Voice of America

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VOICE OF AMERICA (VOA) is a multilingual radio broadcasting service begun in 1942 and administered since 1953 by the United States Information Agency (USIA). The first VOA broadcast originated from New York City on 24 February 1942, just seventy-nine days after the United States entered World War II. Speaking in German, announcer William Harlan Hale told his listeners, "Here speaks a voice from America. Every day at this time we will bring you the news of the war. The news may be good. The news may be bad. We shall tell you the truth."

The agency is responsible for the dissemination of U.S. policy and other types of information to foreign countries and for combating enemy propaganda. In essence, it creates a face for the nation for foreign listeners. In administering the VOA, the director of the USIA reports to the secretary of state and the president of the United States. Under its congressionally mandated charter, the VOA seeks to broadcast reliable news stories, present a balanced view of U.S. culture, and report on U.S. policy. Programming is intended for non-U.S. audiences, and under provisions of the Smith-Mundt Act (1948) and a clarifying amendment in 1972, programs may not be broadcast within the United States without congressional approval.

VOA broadcasts have been blocked by communications services in some countries, which have criticized its programming as anticommunist propaganda, but the agency has continued to receive support from Congress and U.S. presidents into the post–Cold War years. In 1983, VOA established the International Broadcast Training Center in Washington to train broadcasters from developing countries and to demonstrate the value of a free press. In 1985, VOA founded Radio Marti for broadcasting to Cuba and in 1990 expanded its efforts to deliver uncensored news to that nation with the establishment of TV Marti. Voice of America continued its work in the 1990s with programs ranging from the promotion of democracy to the war on drugs.

In 2002 VOA broadcast over 900 hours of news, informational, educational, and cultural programs every week to an audience of some 94 million worldwide. VOA programs are produced and broadcast in English and fifty-two other languages through radio, satellite television, and the Internet.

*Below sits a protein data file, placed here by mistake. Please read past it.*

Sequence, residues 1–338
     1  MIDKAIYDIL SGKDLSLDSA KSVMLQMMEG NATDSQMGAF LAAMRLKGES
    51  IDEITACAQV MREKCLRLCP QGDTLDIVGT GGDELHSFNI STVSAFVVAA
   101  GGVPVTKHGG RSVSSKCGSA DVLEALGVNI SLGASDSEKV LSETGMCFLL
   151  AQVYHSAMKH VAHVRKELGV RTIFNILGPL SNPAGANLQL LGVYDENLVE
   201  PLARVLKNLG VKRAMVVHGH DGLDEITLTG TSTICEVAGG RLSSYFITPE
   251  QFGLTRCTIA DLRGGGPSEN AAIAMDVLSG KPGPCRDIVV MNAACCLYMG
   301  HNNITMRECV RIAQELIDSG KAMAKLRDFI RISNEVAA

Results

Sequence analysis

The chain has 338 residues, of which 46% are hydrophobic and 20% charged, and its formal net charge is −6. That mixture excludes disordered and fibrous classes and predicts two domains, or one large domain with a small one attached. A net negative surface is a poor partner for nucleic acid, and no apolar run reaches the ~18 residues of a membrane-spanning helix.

Krugler, David F. The Voice of America and Domestic Propaganda Battles, 1945–1953. Columbia: University of Missouri Press, 2000.

Rawnsley, Gary D. Radio Diplomacyand Propaganda: The BBC and VOA in International Politics, 1956–1964. New York: St. Martin's Press, 1996.

Laura A.Bergheim

See alsoAmerica as Interpreted by Foreign Observers ; Propaganda ; Radio .

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Voice of America, broadcasting service of the United States Information Agency, est. 1942. Originally set up as a means of fighting the cold war, the Voice of America produces and broadcasts radio programs in English and foreign languages to other countries in order to promote a favorable impression of life in the United States. Programming includes news reports from correspondents on the scene and analysis of events from Washington, D.C., presentation of conflicting views on topical issues, feature programs, and music. The Voice of America, WORLDNET television services, and the Office of Cuba Broadcasting (Radio Martí and TV Martí) are overseen by the International Broadcasting Board of the United States Information Agency.

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Voice of America (VOA) Radio station subsidized by the US government. It presents news, other generally factual information, and cultural programmes aimed at both English-speaking citizens of foreign countries and USA troops serving abroad. VOA was originally set up by the US Office of War Information in 1943–44 to broadcast war news and propaganda. See also World Service